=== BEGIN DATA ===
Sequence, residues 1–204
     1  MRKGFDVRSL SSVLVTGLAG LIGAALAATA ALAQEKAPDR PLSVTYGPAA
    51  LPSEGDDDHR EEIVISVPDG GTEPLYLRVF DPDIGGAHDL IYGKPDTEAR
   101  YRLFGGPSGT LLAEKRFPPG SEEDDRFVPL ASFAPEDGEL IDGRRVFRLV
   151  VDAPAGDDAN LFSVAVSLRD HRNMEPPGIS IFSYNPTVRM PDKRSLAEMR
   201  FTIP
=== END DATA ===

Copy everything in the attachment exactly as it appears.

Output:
Sequence, residues 1–204
     1  MRKGFDVRSL SSVLVTGLAG LIGAALAATA ALAQEKAPDR PLSVTYGPAA
    51  LPSEGDDDHR EEIVISVPDG GTEPLYLRVF DPDIGGAHDL IYGKPDTEAR
   101  YRLFGGPSGT LLAEKRFPPG SEEDDRFVPL ASFAPEDGEL IDGRRVFRLV
   151  VDAPAGDDAN LFSVAVSLRD HRNMEPPGIS IFSYNPTVRM PDKRSLAEMR
   201  FTIP